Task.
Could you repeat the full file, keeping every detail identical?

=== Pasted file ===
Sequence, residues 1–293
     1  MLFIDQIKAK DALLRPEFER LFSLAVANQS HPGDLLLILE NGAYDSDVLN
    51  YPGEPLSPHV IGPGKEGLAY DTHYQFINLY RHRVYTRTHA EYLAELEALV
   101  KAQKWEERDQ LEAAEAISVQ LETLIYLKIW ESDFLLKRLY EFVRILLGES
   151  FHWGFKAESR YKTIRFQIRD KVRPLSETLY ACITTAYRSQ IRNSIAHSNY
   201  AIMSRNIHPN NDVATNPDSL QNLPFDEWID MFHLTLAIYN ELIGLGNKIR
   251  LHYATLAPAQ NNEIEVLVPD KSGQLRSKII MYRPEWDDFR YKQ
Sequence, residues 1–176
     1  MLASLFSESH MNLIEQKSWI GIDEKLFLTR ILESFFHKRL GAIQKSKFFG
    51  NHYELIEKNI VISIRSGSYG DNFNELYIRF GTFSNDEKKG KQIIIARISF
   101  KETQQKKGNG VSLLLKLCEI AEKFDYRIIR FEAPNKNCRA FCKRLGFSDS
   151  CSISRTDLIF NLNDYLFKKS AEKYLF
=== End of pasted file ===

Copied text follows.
Sequence, residues 1–293
     1  MLFIDQIKAK DALLRPEFER LFSLAVANQS HPGDLLLILE NGAYDSDVLN
    51  YPGEPLSPHV IGPGKEGLAY DTHYQFINLY RHRVYTRTHA EYLAELEALV
   101  KAQKWEERDQ LEAAEAISVQ LETLIYLKIW ESDFLLKRLY EFVRILLGES
   151  FHWGFKAESR YKTIRFQIRD KVRPLSETLY ACITTAYRSQ IRNSIAHSNY
   201  AIMSRNIHPN NDVATNPDSL QNLPFDEWID MFHLTLAIYN ELIGLGNKIR
   251  LHYATLAPAQ NNEIEVLVPD KSGQLRSKII MYRPEWDDFR YKQ
Sequence, residues 1–176
     1  MLASLFSESH MNLIEQKSWI GIDEKLFLTR ILESFFHKRL GAIQKSKFFG
    51  NHYELIEKNI VISIRSGSYG DNFNELYIRF GTFSNDEKKG KQIIIARISF
   101  KETQQKKGNG VSLLLKLCEI AEKFDYRIIR FEAPNKNCRA FCKRLGFSDS
   151  CSISRTDLIF NLNDYLFKKS AEKYLF